If you’re after some of the best things to do in Donegal that offer an immersive insight into what ‘old Ireland’ was like, you won’t go wrong here.
13. Dunree Fort
Dunree Fort and its military museum is the perfect spot to absorb some history along with a serious bit of scenery.
The museum is positioned in a wonderful setting that overlooks Lough Swilly on the Inishowen Peninsula.
There are several weather-beaten barracks that you can have a gander at and, if you fancy, you can listen/watch an audiovisual presentation.
What to do in Donegal if you fancy an active break
If you’re wondering what to do in Donegal that’ll give your legs a big aul stretch, you’re in luck – Donegal is home to a nice mix of walks and hikes.
From the mighty Mount Errigal to some lesser known hills and peaks, there’s a walk to suit every level of fitness in the section below.
1. The Mount Errigal Loop
Mount Errigal is the highest peak in the magnificent Derryveagh mountain range. There’s a walk here which you’ll recognise if you read our guide to 88 of the best hikes in Ireland.
Climbing Mount Errigal can take between 2.5 to 3 hours and it treats walkers to unbeatable views of the Derryveagh Mountains and the rolling Donegal countryside from the top.
If you’re looking for places to visit in Donegal that tend to be void of flocks of tourists, get yourself up Errigal (make sure to prepare appropriately for the climb).
2. The Glen Loop Walk
If you’re in search of things to do in Donegal that’ll get you out and about while treating you to some incredible views, this walk should tickle your fancy.
The Glen Loop Walk is a 3 – 4-hour trail that’ll treat you to magnificent coastal views throughout. You’ll follow a quiet track that takes you up to a Martello Watch Tower.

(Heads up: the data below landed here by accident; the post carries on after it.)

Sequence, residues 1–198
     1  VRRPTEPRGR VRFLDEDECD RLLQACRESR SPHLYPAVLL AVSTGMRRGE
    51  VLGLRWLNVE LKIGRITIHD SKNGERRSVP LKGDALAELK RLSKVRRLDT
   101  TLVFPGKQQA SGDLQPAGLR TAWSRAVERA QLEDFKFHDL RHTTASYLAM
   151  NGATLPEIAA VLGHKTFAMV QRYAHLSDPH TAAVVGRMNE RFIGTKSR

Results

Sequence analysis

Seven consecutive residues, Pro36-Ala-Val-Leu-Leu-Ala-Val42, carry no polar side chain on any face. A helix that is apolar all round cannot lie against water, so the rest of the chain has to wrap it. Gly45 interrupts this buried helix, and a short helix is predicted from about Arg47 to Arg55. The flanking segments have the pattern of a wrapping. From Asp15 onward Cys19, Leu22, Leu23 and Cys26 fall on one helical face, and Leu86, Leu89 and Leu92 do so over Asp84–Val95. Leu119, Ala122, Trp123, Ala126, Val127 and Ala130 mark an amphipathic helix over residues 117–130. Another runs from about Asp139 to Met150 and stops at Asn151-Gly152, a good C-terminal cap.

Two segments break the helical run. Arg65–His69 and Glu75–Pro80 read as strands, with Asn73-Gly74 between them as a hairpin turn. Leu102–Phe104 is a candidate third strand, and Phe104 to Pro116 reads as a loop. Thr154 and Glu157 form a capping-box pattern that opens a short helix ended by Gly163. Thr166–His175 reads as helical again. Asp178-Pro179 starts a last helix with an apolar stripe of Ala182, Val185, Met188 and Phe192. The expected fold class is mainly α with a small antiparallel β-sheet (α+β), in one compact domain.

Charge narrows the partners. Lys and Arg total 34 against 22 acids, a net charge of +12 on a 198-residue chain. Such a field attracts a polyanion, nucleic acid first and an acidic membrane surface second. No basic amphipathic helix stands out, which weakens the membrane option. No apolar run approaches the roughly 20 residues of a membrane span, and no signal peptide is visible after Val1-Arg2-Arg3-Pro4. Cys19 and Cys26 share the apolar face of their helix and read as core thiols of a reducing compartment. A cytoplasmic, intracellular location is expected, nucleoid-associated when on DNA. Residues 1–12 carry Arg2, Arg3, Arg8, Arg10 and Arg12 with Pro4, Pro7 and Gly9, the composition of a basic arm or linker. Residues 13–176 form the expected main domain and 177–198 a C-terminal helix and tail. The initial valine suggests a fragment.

When you finish your ramble, head to An Chistin – a brilliant little cafe in Glencolumbcille village – and make your belly happy!
3. Horn Head
Horn Head is one of those places that tends to make you feel like the world has momentarily slipped off of its axis.
The views (especially if you head off on one of the walks), the fresh Atlantic air and the roar of the wind and waves combine to shock the senses all at once.
If you don’t fancy a ramble, there’s a nice looped drive from Dunfanaghy that’ll take you up to the viewing point above.
Horn Head is another of the many places to visit in Donegal that often gets missed. Grab some lunch in one of the restaurants in Dunfanaghy and tip up to the viewing point above after.
4. Mamore Gap
Spinning along Mamore Gap is another of the more popular things to do in Donegal. If you’ve never visited Mamore Gap before, then you’re in for a treat.
This immensely scenic drive twists and turns through the gap along a steep route. The view from the top is one of those scenes that paints itself upon your mind forever.
Wild. Remote. Unspoiled. Mamore Gap will take your breath away… literally at times! There’s several viewing areas where you can admire the scenery that surrounds it.
5. A walk and a pint with a view
Known and loved by surfers the country over, Rossnowlagh Beach is a fine spot for a swim, a walk or a bit of surfing (it was awarded the coveted Blue Flag award in 2019).
When you’ve finished your ramble, head on up to Smugglers Creek Inn. You can grab a bit of food (or a pint…) and enjoy an incredible view out over the beach below.
6. Wild Alpaca Way
If you’re wondering what to do in Donegal with kids (or with animal lovers), this next activity should tickle your fancy.
Yes, you can go walking with alpacas up around Malin Head. Those that head off on the Wild Atlantic Alpaca tour can navigate the hills of Donegal with their very own alpaca as a guide.